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Bushnell Leads Introduction of Guidelines to Prevent Stroke in Women
For the first time, guidelines have been developed for the American Heart Association (AHA) on preventing stroke in women, and a Wake Forest Baptist faculty member led the project.

Cheryl Bushnell, MD, associate professor of neurology and director of the Stroke Center at Wake Forest Baptist, was the lead author of the new scientific statement published in February in the AHA journal Stroke.

“If you are a woman, you share many of the same risk factors for stroke with men, but your risk is also influenced by hormones, reproductive health, pregnancy, childbirth and other sex-related factors,” Bushnell said.

Stroke is the third leading cause of death for American women, after heart disease and cancer. The scientifically based recommendations on how best to treat stroke in women include:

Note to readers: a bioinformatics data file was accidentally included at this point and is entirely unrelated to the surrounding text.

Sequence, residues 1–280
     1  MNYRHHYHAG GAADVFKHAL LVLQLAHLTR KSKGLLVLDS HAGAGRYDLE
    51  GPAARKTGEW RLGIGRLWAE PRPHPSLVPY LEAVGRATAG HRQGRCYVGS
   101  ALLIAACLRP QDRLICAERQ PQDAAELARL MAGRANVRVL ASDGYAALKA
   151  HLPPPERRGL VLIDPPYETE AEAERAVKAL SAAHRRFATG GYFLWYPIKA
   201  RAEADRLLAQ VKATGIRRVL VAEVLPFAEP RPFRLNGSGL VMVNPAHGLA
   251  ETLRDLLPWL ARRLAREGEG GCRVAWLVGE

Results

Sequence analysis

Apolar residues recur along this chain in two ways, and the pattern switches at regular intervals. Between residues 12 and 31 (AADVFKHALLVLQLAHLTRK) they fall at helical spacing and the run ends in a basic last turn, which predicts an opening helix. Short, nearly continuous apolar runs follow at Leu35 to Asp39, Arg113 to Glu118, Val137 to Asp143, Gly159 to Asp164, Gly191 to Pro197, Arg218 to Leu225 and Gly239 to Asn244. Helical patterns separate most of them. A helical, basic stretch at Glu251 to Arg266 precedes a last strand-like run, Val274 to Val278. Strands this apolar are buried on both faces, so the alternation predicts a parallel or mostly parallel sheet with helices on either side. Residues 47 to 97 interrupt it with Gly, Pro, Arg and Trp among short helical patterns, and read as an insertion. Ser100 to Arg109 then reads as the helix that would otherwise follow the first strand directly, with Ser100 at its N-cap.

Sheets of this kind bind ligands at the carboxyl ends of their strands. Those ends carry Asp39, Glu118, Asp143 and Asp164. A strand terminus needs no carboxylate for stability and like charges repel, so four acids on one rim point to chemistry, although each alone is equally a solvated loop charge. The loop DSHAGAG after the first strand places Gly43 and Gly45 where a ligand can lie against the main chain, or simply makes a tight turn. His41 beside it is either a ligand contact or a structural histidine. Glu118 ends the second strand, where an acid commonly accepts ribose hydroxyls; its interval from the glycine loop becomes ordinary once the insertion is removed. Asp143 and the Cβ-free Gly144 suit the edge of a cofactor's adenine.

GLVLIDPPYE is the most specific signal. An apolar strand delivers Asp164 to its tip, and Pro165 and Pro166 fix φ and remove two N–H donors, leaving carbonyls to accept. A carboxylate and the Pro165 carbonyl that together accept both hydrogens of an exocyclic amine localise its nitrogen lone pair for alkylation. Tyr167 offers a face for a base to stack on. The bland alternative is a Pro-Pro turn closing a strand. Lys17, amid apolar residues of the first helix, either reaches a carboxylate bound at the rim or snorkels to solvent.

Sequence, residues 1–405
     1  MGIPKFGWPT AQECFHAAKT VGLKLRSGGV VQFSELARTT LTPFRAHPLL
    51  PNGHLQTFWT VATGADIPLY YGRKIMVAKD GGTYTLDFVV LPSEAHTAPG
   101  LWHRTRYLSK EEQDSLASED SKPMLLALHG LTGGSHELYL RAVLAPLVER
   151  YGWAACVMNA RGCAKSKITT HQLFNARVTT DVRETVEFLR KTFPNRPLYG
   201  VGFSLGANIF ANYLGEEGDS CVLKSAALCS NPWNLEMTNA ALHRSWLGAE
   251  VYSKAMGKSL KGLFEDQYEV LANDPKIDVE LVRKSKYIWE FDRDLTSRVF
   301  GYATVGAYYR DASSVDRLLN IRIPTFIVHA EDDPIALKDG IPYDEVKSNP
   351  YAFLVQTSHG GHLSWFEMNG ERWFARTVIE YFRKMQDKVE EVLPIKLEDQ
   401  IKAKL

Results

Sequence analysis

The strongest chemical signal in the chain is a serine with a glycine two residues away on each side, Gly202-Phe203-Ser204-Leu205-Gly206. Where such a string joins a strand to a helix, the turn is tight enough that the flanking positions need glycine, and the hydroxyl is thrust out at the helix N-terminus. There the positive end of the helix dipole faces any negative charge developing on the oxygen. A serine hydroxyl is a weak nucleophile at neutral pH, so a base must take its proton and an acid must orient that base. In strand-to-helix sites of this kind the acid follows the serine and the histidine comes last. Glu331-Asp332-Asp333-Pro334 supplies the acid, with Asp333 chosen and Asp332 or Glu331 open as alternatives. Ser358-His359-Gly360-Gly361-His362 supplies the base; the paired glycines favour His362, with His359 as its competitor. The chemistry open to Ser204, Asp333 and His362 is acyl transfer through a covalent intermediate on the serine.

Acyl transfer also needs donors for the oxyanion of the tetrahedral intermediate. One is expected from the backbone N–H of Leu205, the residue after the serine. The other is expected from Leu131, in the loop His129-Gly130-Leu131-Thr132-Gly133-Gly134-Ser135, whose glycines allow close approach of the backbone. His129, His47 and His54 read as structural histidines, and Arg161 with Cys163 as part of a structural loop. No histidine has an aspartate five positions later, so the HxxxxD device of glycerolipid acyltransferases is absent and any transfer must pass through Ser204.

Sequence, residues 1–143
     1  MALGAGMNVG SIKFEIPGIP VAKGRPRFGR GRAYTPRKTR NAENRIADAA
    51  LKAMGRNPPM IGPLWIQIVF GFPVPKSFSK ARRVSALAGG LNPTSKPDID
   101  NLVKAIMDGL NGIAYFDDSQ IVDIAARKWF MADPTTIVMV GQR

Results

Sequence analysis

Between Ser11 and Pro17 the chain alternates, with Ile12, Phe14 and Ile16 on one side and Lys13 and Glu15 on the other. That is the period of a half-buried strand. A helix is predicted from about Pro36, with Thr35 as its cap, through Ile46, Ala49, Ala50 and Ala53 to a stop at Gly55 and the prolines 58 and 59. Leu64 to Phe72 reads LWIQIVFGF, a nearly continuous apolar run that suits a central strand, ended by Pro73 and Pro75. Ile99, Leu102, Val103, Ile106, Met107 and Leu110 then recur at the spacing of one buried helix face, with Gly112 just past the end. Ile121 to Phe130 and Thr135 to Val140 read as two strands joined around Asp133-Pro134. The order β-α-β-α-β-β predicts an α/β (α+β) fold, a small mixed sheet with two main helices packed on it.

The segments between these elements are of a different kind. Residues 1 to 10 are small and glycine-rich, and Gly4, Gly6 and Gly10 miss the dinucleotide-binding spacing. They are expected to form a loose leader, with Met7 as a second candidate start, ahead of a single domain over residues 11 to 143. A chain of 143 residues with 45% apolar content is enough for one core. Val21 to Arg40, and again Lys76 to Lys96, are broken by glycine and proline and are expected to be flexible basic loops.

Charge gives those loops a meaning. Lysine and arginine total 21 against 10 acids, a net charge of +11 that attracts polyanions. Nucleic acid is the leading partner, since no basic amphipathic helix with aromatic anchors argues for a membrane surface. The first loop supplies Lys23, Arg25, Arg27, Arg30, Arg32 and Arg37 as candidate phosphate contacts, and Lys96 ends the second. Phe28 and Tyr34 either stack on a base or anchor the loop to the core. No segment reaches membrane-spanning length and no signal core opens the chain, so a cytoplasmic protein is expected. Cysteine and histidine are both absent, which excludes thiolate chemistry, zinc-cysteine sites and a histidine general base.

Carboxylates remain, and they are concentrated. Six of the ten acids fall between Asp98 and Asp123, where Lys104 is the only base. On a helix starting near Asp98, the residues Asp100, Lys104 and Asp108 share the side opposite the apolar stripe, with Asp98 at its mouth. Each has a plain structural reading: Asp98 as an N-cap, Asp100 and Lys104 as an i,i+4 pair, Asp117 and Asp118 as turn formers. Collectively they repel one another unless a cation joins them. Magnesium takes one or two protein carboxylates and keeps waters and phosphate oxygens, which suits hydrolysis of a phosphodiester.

• Women with a history of high blood pressure before pregnancy should be considered for low-dose aspirin and/or calcium supplement therapy to lower preeclampsia risks.
  • Women who have preeclampsia have twice the risk of stroke and a fourfold risk of high blood pressure later in life. Therefore, preeclampsia should be recognized as a risk factor well after pregnancy, and other risk factors such as smoking, high cholesterol and obesity in these women should be treated early.
  • Pregnant women with moderately high blood pressure (150–159/100–109 mmHg) may be considered for blood pressure medication, whereas expectant mothers with severe high blood pressure (160/110 mmHg or above) should be treated.
  • Women should be screened for high blood pressure before taking birth control pills because the combination raises stroke risks.
  • Women who have migraine headaches with aura should stop smoking to avoid higher stroke risks.
  • Women over age 75 should be screened for atrial fibrillation risks due to its link to higher stroke risk.

logoThe guidelines garnered widespread attention from media outlets, including The New York Times, Washington Post, CBS News and
the BBC.



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